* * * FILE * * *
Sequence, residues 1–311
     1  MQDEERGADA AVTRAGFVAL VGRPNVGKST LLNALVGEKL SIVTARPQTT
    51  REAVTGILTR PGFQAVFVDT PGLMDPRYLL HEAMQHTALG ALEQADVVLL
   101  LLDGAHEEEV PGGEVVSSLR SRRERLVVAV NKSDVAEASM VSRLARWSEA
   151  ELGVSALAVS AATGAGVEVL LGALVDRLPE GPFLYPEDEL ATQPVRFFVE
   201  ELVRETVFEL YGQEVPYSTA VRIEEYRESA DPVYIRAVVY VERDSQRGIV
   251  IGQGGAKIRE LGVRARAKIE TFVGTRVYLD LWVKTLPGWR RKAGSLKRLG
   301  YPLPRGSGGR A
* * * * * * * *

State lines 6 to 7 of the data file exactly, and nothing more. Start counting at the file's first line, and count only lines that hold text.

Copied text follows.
   201  ELVRETVFEL YGQEVPYSTA VRIEEYRESA DPVYIRAVVY VERDSQRGIV
   251  IGQGGAKIRE LGVRARAKIE TFVGTRVYLD LWVKTLPGWR RKAGSLKRLG